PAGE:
University Presidents Analyze Pros and Cons of Statement

The Cushwa Center for the Study of American Catholicism hosted a panel Tuesday night to discuss the controversial 1967 Land O’ Lakes Statement.

Professor Kathleen Cummings presided and was joined by the presidents of five schools: Father John Jenkins, CSC, of the University of Notre Dame, Father William Leahy, SJ, of Boston College, Father Joseph McShane, SJ, of Fordham University, Patricia McGuire of Trinity Washington University, and Julia Sullivan of the University of St. Thomas. Dean John McGreevy hosted a preceding talk on the history of the document.

The evening began with Fr. McShane’s remarks on the document from the perspective of his own school’s history. Noting the frequent perception of the statement as a “dangerous document”, Fr. McShane stated that, in fact, Fordham itself was founded as a place where the faith could be spread by preparing the university’s students for modern American society, and this means that “we have to evolve” in unison with the rest of the culture. Without this evolution, he said, their graduates could not gain “a place at the American table.” Land O’ Lakes, he concluded, had the same vision. It is thus a necessary document, and “not a radical break” from the Church.

Next, Julia Sullivan noted the dichotomy often created between a school emphasizing being Catholic and a school emphasizing being a university. She proposed that the words “Catholic university” should rather be taken as an “integrated phrase.” This, she said, was what the Land O’ Lakes Statement truly aimed to do. She advocated for the removal of strict dichotomies, instead envisioning a model of Catholic university in which there is room for the “intellectual, moral, and spiritual development of all persons….[including] Catholics and non-Catholics,” Such a university would reject superiority, discrimination, and certain dichotomies.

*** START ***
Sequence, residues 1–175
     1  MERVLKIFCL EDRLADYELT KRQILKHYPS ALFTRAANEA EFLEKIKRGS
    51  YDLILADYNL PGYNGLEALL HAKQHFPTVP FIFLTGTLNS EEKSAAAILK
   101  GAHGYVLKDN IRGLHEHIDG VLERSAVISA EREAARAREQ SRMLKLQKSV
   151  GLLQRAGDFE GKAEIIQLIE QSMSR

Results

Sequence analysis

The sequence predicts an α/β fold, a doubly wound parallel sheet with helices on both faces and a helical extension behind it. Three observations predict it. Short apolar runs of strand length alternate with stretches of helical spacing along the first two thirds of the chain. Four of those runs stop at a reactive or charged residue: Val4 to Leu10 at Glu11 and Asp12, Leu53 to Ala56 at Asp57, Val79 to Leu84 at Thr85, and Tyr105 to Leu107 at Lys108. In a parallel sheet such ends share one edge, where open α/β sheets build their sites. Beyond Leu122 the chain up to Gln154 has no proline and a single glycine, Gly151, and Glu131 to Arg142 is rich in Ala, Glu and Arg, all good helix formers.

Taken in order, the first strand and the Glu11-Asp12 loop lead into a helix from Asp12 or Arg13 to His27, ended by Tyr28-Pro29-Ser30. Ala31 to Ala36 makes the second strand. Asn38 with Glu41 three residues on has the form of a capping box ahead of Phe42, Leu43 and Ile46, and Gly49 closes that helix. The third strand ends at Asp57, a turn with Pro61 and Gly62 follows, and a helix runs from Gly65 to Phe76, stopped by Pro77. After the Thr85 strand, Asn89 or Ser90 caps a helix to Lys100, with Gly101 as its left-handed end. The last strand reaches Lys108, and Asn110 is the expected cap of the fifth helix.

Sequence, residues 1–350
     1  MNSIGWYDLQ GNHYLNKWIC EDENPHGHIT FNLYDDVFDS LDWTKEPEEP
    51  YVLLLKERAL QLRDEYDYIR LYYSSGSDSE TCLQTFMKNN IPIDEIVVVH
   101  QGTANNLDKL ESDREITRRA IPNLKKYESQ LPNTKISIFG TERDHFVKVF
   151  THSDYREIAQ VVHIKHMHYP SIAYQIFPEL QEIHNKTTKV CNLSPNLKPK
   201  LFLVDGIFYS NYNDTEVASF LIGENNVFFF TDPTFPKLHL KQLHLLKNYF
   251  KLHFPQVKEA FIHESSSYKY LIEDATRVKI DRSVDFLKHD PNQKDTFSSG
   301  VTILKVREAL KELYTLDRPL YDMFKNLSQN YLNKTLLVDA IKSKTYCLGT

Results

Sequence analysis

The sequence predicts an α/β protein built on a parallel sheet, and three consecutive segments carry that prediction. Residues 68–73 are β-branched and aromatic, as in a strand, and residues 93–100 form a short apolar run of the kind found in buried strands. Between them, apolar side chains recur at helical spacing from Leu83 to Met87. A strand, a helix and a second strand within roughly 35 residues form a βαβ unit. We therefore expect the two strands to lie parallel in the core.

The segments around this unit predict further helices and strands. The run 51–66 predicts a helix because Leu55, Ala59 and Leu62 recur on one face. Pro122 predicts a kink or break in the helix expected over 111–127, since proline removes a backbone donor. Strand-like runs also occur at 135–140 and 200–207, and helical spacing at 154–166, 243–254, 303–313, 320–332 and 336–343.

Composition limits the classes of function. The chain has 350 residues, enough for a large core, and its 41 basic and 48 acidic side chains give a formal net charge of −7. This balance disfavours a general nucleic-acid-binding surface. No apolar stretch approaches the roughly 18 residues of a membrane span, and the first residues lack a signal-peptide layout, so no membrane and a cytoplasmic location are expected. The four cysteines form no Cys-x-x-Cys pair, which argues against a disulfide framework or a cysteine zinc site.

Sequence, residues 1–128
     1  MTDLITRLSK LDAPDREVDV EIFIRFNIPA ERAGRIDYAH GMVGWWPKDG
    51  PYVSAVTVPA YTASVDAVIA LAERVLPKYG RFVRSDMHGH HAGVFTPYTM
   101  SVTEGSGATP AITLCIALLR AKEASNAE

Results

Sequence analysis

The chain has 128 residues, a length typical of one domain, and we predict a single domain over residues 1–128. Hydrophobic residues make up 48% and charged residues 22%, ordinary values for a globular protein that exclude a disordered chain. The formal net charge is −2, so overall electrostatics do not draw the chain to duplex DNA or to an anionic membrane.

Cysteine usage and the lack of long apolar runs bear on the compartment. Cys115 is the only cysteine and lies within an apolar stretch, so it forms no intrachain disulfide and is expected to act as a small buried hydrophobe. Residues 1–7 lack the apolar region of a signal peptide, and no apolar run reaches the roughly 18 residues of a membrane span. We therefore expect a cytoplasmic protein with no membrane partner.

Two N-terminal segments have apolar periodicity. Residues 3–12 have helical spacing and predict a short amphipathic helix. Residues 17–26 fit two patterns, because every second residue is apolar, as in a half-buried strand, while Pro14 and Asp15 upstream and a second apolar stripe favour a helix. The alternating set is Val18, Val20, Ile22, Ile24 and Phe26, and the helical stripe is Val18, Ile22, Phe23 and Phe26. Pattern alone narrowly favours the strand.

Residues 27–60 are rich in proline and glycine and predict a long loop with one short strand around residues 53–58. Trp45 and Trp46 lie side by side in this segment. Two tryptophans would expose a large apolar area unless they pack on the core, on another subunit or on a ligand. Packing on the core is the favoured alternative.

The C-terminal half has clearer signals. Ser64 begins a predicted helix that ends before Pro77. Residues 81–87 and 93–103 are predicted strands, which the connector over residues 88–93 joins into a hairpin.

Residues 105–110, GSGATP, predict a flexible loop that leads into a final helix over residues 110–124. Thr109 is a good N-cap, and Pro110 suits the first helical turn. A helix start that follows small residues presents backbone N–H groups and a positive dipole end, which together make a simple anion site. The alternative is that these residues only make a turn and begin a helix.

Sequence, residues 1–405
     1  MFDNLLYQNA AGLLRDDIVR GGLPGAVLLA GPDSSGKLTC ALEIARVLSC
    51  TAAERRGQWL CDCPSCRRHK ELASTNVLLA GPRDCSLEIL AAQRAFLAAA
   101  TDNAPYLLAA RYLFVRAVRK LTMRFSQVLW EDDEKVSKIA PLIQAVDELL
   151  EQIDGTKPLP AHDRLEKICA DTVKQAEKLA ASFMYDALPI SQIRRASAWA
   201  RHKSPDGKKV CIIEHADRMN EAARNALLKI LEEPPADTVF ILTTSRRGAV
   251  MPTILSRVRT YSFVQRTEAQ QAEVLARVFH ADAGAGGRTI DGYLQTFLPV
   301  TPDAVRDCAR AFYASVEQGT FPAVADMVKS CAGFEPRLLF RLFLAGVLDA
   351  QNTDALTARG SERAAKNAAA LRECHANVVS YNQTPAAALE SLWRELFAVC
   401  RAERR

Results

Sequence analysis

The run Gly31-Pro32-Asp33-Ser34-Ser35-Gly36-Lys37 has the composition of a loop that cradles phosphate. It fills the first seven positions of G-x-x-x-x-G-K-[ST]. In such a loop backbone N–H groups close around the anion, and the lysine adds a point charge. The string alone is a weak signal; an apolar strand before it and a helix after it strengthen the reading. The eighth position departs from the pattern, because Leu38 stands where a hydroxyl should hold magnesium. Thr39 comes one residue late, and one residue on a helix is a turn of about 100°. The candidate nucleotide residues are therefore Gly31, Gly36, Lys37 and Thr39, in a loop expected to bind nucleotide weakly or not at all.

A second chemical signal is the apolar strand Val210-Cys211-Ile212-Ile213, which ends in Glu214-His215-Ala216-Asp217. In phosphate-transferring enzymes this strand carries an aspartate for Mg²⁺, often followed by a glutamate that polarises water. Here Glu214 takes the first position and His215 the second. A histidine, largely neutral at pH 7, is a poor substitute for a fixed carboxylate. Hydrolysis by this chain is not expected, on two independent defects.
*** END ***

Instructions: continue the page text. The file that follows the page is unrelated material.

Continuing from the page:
Fr. Leahy, the subsequent speaker, addressed the common criticism of the document for its secularizing impact, remarking that secularization in Catholic universities “began before Land O’ Lakes.” He also stated that the infamous “true autonomy” part of the document—asserting a university’s power to work outside the bounds of church authority—certainly did not have any anarchist intention within it. However, he also noted that there were “things [the document’s writers] didn’t see.” They had, for example, a “simplistic view” of the ability of theologians to influence a university’s vision as they hoped.

Following his remarks, Patricia McGuire gave an analysis of the document, saying that the document’s writers paved the way for modern Catholic education, but also fell short in the exclusion of minorities and women from the conference. She then noted Trinity Washington’s own emphasis on reaching out to low income and minority students, adding that there is value in having “a Catholic university that looks more like a field hospital than a great library.” This moral vision, she stated, stems from the vision of the document, and given the increasing “human oppression” and strife in the country, makes the mission of Catholic universities, and their reaching out to all people in the country and elsewhere more important than ever.

Fr. Jenkins delivered the final set of remarks, noting that even in Medieval times, there was tension between universities and Church authorities, making the vision articulated by the document nothing new. Hopefully, Fr. Jenkins stated, any conflict between the Church and universities ought to simply be a “creative tension” in which new ideas can be articulated.

The subsequent question–and–answer session covered a wide range of topics, from the need for vocational development of students in universities to the relevance of the document. Notably, Fr. Leahy and Fr. Jenkins criticized some of the language of the document which states that the Catholic university is “the critical reflective intelligence of the Church.” This, the priests agreed, was an “arrogant” assertion to make.

Following the panel, seminarian Tom Bodart, CSC, told the Rover that the event helped bring nuance to a discussion that “is easier to approach…with a hatchet”, adding that he thought Fr. Jenkins’ point that tension within the Church is good when “seeking deeper understanding.”

Other students were not so enthusiastic: Brooke Tranten emphasized her worry that the language used by the panelists was too vague: “is the [Catholic] tradition they’re talking about [just] a talking point? […] Or is tradition something that’s uniquely rooted in the understanding of the Church itself?”

James Rahner is a junior majoring in philosophy and theology. He recently moved to Duncan. If you would like to talk to him about this decision, he can be reached at